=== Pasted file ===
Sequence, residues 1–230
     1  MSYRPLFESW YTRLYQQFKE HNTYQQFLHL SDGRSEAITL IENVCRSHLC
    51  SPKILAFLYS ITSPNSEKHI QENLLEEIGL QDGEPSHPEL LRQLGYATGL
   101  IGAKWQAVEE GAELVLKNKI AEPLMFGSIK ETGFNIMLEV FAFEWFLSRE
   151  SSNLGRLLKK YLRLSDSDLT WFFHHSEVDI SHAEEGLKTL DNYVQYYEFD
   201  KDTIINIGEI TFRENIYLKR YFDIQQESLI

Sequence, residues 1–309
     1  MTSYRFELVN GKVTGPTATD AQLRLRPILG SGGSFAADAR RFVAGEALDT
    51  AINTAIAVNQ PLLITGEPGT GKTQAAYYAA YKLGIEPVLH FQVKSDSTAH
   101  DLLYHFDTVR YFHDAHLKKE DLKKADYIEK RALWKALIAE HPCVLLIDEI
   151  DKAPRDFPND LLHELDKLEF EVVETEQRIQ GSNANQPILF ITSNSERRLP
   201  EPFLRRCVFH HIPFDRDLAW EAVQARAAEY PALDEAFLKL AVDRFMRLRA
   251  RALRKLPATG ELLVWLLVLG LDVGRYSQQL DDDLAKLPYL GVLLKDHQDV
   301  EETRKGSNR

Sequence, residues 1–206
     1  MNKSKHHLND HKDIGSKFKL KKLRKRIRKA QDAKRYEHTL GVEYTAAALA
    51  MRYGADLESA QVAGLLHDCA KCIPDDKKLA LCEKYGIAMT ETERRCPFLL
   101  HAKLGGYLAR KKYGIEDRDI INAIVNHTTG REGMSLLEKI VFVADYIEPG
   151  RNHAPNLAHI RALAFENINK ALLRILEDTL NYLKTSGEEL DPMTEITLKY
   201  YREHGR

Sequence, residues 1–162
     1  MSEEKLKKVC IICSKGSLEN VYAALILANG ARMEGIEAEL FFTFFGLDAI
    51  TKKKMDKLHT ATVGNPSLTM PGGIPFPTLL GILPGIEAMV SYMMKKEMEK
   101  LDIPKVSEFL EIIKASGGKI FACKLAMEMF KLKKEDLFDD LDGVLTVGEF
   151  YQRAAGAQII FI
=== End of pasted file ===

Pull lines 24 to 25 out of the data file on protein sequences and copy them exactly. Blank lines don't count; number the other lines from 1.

   101  LDIPKVSEFL EIIKASGGKI FACKLAMEMF KLKKEDLFDD LDGVLTVGEF
   151  YQRAAGAQII FI